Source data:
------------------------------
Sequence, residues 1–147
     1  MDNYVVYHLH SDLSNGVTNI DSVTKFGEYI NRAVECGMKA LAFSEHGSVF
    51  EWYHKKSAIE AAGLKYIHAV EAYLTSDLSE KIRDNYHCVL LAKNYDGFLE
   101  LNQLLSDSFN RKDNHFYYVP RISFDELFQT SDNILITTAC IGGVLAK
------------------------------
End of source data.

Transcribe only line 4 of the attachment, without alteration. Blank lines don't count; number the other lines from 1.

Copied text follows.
   101  LNQLLSDSFN RKDNHFYYVP RISFDELFQT SDNILITTAC IGGVLAK